In its en banc ruling, the Federal Circuit initially focused on the language of the statute, noting that the statute itself provided no indication that a civil action under §145 is different from any other civil action. The court also pointed out that §145 clearly distinguishes the civil action provided for therein as an alternative to a direct appeal to the Federal Circuit under §141 (where the applicant is limited to the administrative record). Relying on the portion of §145 that states the district court may “adjudge that such applicant is entitled to receive a patent for his invention … as the facts in the case may appear,” the court vacated the district court decision and remanded the case.
In its analysis of §145, the court looked to the legislative history, noting that as far back as the Patent Act of 1870, the U.S. Congress indicated that applicants seeking review of an adverse finding of patentability at the PTO can introduce new evidence. The court found nothing changed in the Patent Laws in this respect in the subsequent 140 years.
The Federal Circuit rejected the PTO’s argument that Congress intended that only evidence that could not have reasonably been presented to the Patent Office should be admissible in §145 proceedings, distinguishing the 1894 Supreme Court case Morgan v. Daniels, on the basis that Morgan does not relate to the admissibility of new evidence at all because no party in that case was seeking to introduce any. Rather, the court viewed Morgan as going to the deferential agency standard of review when no new evidence is introduced and fact finding is done based on the administrative record. Citing two Supreme Court cases going to the admissibility of evidence, Butterworth v. Hoe (1884) and Dickinson v. Zurko (1999), as well as several prior circuit court cases discussing §145 its predecessor, the majority concluded §145 permits the introduction of new evidence:
We hold that 35 U.S.C. §145 imposes no limitation on an applicant’s right to introduce new evidence before the district court, apart from the evidentiary limitations applicable to all civil actions. … In doing so, we reject the [PTO’s] proposal that only “new evidence that could not reasonably been provided to the agency in the first instance” is admissible in a §145 action.
The court was quick to note that the underlying PTO proceedings remain relevant, stating that the district court must apply the APA standard of review to fact findings for which no new evidence was introduced. The court reasoned that such a deferential standard is appropriate given the PTO’s expertise in assessing patentability. The Federal Circuit also noted the district court may consider the underlying PTO proceedings in determining what weight to give new evidence in §145 action. Finally, the court agreed with the PTO that encouraging full disclosure to the PTO is sound policy, but concluded that policy does not override the language of §145.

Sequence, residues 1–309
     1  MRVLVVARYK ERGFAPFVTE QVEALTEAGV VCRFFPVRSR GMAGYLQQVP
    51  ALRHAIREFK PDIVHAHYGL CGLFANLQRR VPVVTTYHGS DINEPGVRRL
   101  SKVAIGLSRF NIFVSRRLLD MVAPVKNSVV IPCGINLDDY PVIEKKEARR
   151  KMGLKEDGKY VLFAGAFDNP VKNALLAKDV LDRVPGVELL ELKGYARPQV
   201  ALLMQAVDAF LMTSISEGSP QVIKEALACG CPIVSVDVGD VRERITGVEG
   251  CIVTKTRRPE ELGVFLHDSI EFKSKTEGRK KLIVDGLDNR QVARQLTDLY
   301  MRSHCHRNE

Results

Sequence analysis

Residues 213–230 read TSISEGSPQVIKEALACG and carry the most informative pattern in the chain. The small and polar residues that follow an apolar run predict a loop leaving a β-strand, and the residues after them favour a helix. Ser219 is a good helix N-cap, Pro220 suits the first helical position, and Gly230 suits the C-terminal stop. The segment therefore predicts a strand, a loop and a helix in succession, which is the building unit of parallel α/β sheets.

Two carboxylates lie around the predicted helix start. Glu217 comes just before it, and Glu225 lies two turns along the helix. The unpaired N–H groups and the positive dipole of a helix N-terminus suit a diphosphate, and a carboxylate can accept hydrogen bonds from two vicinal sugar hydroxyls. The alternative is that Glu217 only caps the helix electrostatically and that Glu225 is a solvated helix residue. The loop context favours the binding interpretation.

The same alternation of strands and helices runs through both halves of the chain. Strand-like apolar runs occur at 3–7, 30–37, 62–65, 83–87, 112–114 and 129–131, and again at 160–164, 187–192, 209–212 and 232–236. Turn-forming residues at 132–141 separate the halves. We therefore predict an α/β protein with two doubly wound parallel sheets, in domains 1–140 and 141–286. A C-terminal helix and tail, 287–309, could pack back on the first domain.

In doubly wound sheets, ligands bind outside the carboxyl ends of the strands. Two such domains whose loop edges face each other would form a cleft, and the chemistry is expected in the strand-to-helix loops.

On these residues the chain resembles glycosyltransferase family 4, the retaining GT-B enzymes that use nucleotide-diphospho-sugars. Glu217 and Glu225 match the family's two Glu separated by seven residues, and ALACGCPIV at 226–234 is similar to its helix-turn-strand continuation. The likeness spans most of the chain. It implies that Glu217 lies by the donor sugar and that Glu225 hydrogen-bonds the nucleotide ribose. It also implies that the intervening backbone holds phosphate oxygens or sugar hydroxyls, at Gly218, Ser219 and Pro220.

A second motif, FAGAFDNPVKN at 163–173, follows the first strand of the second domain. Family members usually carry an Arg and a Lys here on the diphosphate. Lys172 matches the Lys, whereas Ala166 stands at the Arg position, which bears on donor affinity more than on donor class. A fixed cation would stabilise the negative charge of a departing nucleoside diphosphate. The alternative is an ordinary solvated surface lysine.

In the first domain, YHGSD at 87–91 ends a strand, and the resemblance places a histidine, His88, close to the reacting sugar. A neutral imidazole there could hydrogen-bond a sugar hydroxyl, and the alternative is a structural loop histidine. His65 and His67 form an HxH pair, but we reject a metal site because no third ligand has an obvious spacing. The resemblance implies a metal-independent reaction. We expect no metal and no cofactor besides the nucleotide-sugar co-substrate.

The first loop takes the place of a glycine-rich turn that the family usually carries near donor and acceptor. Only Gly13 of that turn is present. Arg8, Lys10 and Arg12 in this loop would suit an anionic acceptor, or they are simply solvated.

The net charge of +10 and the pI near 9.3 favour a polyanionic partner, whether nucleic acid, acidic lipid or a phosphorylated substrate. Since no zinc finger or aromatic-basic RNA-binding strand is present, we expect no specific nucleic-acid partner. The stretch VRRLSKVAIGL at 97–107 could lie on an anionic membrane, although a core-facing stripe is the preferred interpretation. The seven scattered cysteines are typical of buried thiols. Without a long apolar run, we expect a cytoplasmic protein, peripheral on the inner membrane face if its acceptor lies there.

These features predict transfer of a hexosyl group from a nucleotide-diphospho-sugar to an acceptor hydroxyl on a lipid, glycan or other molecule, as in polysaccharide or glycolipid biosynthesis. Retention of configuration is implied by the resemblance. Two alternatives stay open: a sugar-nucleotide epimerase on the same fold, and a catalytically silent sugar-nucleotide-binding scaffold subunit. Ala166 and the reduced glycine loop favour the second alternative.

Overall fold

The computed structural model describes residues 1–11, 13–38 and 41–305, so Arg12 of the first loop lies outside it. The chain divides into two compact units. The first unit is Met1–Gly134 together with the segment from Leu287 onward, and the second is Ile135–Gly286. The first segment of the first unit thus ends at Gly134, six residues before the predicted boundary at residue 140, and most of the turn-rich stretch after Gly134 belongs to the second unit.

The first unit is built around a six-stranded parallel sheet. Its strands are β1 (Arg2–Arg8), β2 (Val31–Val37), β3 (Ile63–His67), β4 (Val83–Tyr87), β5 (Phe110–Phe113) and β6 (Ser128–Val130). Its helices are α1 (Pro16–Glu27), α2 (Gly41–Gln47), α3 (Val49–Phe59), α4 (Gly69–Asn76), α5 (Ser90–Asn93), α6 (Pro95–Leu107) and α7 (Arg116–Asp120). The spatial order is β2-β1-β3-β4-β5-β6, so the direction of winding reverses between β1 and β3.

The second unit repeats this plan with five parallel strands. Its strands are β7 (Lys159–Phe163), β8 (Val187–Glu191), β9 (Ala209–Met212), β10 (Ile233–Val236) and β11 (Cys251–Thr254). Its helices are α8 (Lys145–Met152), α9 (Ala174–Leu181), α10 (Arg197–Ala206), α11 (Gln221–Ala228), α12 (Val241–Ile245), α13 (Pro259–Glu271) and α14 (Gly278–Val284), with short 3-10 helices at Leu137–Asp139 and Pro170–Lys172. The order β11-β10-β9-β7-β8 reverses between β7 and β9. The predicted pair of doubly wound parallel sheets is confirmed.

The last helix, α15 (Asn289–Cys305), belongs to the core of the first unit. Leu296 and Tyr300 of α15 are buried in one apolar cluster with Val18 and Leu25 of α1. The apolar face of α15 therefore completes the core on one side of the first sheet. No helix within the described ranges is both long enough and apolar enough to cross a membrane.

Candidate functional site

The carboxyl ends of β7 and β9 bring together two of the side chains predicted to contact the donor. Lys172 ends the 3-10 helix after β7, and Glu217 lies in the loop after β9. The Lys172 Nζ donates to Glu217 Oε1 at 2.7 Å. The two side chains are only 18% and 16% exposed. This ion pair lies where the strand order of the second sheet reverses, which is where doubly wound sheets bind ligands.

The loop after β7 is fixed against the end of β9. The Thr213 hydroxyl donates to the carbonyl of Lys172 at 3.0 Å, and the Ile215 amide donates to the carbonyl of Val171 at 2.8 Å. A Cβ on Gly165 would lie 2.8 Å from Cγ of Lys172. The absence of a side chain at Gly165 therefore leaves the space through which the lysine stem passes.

Concurring and Dissenting Opinions
Judge Newman issued an opinion concurring with the majority’s holding that new evidence may be introduced, in a §145 action, but dissented from the holding that when no new evidence is submitted, the APA standard of review applies as contrary to “the statutory plan.” In Judge Newman’s view, the statutory plan does not contemplate a “duplicative procedure [to §141]” even where an applicant relies on the same evidence.
In a 37-page dissent, Judge Dyk, joined by Judge Gajarsa, argued that the majority made an error in finding that §145 imposes no limitation on an applicant’s right to submit new evidence to the district court. Judge Dyk argued that permitting de novo trials at the district court improperly serves to minimize the expertise of the PTO and promotes situations in which applicants intentionally withhold evidence from the highly specialized PTO in favor of what an applicant might regard as a more favorable forum, i.e., a district court that lacks the PTO’s knowledge of patentability.
The burden on applicants to submit essentially all possible evidence to the Board is now somewhat alleviated. However, the majority’s decision should not be read too broadly, as the court did confirm that issues (and evidence in support of new issues) never raised at the PTO cannot be raised in §145 proceeding. Also, because, in cases where no new evidence is introduced in a §145 procedure, the standard of review will be the same as that which applies in a §141 appeal, there is now no reason to file a §145 appeal unless the introduction of new evidence is contemplated.
Given the similarity between 35 U.S.C. §145 and its Lanham Act counterpart, 15 U.S.C. §1071(b), the standards set forth in the Hyatt v. Kappos decision are likely to apply to proceedings challenging decisions the Trademark Trial and Appeal Board.